where ${u: I \rightarrow V}$ takes values in some finite-dimensional (real or complex) vector space ${V}$ on some time interval ${I}$, and ${F: V \rightarrow V}$ is a given linear or nonlinear function. (Here, we use “interval” to denote a connected non-empty subset of ${{\bf R}}$; in particular, we allow intervals to be half-infinite or infinite, or to be open, closed, or half-open.) Fundamental results in this area include the Picard existence and uniqueness theorem, the Duhamel formula, and Grönwall’s inequality; they will serve as motivation for the approach to local well-posedness that we will adopt in this set of notes. (There are other ways to construct strong or weak solutions for Navier-Stokes and Euler equations, which we will discuss in later notes.)

A key role in our treatment here will be played by the fundamental theorem of calculus (in various forms and variations). Roughly speaking, this theorem, and its variants, allow us to recast differential equations (such as (1) or (4)) as integral equations. Such integral equations are less tractable algebraically than their differential counterparts (for instance, they are not ideal for verifying conservation laws), but are significantly more convenient for well-posedness theory, basically because integration tends to increase the regularity of a function, while differentiation reduces it. (Indeed, the problem of “losing derivatives”, or more precisely “losing regularity”, is a key obstacle that one often has to address when trying to establish well-posedness for PDE, particularly those that are quite nonlinear and with rough initial data, though for nonlinear parabolic equations such as Navier-Stokes the obstacle is not as serious as it is for some other PDE, due to the smoothing effects of the heat equation.)

One weakness of the methods deployed here are that the quantitative bounds produced deteriorate to the point of uselessness in the inviscid limit ${\nu \rightarrow 0}$, rendering these techniques unsuitable for analysing the Euler equations in which ${\nu=0}$. However, some of the methods developed in later notes have bounds that remain uniform in the ${\nu \rightarrow 0}$ limit, allowing one to also treat the Euler equations.

In this and subsequent set of notes, we use the following asymptotic notation (a variant of Vinogradov notation that is commonly used in PDE and harmonic analysis). The statement ${X \lesssim Y}$, ${Y \gtrsim X}$, or ${X = O(Y)}$ will be used to denote an estimate of the form ${|X| \leq CY}$ (or equivalently ${Y \geq C^{-1} |X|}$) for some constant ${C}$, and ${X \sim Y}$ will be used to denote the estimates ${X \lesssim Y \lesssim X}$. If the constant ${C}$ depends on other parameters (such as the dimension ${d}$), this will be indicated by subscripts, thus for instance ${X \lesssim_d Y}$ denotes the estimate ${|X| \leq C_d Y}$ for some ${C_d}$ depending on ${d}$.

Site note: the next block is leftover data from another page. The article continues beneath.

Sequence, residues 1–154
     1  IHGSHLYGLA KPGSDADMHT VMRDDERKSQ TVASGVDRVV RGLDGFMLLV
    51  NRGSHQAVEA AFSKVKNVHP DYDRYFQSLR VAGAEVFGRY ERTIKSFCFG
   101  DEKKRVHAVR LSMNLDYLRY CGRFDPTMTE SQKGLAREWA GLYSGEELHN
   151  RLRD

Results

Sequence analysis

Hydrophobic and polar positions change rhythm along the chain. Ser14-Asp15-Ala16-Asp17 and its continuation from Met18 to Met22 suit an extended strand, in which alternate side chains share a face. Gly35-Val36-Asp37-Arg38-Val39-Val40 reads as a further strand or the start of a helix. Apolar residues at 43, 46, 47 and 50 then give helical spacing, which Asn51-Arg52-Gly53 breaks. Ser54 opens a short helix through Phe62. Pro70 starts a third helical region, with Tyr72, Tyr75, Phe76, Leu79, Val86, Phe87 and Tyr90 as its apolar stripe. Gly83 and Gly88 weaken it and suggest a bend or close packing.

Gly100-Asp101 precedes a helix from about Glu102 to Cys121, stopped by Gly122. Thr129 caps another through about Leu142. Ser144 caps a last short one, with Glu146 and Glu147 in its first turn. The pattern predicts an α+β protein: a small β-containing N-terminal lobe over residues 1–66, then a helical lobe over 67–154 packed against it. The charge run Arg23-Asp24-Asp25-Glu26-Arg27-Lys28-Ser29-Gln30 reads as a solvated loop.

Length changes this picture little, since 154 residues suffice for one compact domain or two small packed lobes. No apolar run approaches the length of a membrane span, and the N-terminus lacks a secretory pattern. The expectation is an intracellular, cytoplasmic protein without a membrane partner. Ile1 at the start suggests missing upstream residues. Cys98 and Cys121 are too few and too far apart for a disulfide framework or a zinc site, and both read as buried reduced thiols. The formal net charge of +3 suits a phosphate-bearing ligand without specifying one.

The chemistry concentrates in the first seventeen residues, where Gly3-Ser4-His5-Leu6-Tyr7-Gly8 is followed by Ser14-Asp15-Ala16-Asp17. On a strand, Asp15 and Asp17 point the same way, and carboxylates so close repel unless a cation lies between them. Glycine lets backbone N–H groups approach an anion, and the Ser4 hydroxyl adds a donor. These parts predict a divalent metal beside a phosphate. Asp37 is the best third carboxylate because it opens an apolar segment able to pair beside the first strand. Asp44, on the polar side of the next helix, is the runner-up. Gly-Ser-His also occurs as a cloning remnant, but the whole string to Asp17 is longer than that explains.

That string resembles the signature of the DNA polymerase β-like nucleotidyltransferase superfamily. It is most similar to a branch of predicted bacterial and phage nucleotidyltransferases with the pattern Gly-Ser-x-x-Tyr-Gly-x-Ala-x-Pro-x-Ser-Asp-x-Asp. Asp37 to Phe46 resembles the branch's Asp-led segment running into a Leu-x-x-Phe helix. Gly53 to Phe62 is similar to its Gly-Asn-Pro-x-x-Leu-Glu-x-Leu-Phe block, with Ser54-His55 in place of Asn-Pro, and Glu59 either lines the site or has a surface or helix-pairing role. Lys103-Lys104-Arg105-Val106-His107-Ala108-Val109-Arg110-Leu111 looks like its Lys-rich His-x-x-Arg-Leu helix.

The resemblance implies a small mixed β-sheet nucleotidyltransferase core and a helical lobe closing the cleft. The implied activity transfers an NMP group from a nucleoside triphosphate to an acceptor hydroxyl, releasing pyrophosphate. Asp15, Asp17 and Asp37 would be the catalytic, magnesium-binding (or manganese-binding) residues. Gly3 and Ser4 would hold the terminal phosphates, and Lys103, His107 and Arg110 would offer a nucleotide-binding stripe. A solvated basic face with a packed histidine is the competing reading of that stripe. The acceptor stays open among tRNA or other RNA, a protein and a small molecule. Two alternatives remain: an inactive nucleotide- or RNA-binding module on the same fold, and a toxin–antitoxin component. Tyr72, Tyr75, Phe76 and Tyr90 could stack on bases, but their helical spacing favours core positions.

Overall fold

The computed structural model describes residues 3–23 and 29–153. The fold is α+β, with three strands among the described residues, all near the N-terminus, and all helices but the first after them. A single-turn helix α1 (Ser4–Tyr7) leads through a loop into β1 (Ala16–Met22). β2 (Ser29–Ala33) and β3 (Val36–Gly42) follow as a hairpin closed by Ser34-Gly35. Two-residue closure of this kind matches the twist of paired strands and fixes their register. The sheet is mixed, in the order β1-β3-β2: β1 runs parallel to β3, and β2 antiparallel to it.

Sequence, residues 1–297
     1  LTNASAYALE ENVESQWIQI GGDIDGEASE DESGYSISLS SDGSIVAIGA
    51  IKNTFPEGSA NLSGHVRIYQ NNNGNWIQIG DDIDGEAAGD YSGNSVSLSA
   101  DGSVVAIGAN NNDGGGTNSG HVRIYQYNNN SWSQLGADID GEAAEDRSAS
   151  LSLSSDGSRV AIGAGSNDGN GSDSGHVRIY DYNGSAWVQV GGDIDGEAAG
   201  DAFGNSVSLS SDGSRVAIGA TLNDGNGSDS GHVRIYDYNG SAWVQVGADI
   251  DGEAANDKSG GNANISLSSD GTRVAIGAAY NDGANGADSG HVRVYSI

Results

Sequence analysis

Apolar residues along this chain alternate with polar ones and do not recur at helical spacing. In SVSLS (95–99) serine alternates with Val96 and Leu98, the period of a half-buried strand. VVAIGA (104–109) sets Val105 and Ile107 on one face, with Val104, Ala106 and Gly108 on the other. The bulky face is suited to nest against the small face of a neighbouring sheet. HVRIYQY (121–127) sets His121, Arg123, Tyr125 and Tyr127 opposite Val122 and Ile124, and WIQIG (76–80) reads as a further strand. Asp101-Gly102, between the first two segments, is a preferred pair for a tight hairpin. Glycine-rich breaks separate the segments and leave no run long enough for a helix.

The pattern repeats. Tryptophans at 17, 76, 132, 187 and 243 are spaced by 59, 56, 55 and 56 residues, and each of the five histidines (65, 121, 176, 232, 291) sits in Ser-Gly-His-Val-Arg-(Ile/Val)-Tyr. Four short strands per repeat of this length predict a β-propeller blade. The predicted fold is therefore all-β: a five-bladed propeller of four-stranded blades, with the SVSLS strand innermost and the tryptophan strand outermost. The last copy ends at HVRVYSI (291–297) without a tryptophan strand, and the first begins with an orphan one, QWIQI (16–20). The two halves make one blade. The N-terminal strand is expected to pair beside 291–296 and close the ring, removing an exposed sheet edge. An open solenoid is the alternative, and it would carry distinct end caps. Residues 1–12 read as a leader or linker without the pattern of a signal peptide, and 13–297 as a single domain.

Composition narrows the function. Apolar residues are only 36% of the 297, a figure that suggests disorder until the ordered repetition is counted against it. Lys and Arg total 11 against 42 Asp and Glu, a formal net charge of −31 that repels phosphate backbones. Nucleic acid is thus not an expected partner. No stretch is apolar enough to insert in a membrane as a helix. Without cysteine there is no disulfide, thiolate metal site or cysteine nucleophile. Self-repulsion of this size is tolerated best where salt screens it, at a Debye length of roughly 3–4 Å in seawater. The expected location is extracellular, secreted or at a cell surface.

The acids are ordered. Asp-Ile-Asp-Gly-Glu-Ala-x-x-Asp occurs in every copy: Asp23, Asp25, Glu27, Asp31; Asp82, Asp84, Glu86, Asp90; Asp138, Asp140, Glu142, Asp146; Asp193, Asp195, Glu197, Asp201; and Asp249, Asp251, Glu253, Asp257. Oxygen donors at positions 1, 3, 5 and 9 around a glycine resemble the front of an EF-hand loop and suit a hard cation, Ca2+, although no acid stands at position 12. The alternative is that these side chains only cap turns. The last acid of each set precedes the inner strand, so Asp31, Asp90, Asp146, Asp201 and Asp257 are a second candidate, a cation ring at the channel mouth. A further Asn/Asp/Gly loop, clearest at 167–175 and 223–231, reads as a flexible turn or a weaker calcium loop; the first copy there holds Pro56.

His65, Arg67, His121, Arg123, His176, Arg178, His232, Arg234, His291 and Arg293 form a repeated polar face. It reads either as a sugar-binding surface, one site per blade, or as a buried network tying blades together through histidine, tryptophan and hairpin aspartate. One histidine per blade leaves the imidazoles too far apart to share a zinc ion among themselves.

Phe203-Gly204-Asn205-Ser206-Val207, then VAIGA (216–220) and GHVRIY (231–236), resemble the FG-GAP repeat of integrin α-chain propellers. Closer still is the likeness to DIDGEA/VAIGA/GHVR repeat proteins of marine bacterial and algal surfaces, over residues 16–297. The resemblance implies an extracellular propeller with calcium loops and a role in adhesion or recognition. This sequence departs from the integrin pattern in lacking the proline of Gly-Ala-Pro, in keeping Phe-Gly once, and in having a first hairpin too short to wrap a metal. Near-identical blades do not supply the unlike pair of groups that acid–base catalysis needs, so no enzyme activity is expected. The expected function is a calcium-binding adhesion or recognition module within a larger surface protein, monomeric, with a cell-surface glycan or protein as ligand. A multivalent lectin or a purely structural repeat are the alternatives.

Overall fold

Joni Teräväinen and I have just uploaded to the arXiv our paper “The structure of correlations of multiplicative functions at almost all scales, with applications to the Chowla and Elliott conjectures“. This is a sequel to our previous paper that studied logarithmic correlations of the form

$\displaystyle f(a) := \lim^*_{x \rightarrow \infty} \frac{1}{\log \omega(x)} \sum_{x/\omega(x) \leq n \leq x} \frac{g_1(n+ah_1) \dots g_k(n+ah_k)}{n},$

where ${g_1,\dots,g_k}$ were bounded multiplicative functions, ${h_1,\dots,h_k \rightarrow \infty}$ were fixed shifts, ${1 \leq \omega(x) \leq x}$ was a quantity going off to infinity, and ${\lim^*}$ was a generalised limit functional. Our main technical result asserted that these correlations were necessarily the uniform limit of periodic functions ${f_i}$. Furthermore, if ${g_1 \dots g_k}$ (weakly) pretended to be a Dirichlet character ${\chi}$, then the ${f_i}$ could be chosen to be ${\chi}$isotypic in the sense that ${f_i(ab) = f_i(a) \chi(b)}$ whenever ${a,b}$ are integers with ${b}$ coprime to the periods of ${\chi}$ and ${f_i}$; otherwise, if ${g_1 \dots g_k}$ did not weakly pretend to be any Dirichlet character ${\chi}$, then ${f}$ vanished completely. This was then used to verify several cases of the logarithmically averaged Elliott and Chowla conjectures.

The purpose of this paper was to investigate the extent to which the methods could be extended to non-logarithmically averaged settings. For our main technical result, we now considered the unweighted averages

$\displaystyle f_d(a) := \lim^*_{x \rightarrow \infty} \frac{1}{x/d} \sum_{n \leq x/d} g_1(n+ah_1) \dots g_k(n+ah_k),$

where ${d>1}$ is an additional parameter. Our main result was now as follows. If ${g_1 \dots g_k}$ did not weakly pretend to be a twisted Dirichlet character ${n \mapsto \chi(n) n^{it}}$, then ${f_d(a)}$ converged to zero on (doubly logarithmic) average as ${d \rightarrow \infty}$. If instead ${g_1 \dots g_k}$ did pretend to be such a twisted Dirichlet character, then ${f_d(a) d^{it}}$ converged on (doubly logarithmic) average to a limit ${f(a)}$ of ${\chi}$-isotypic functions ${f_i}$. Thus, roughly speaking, one has the approximation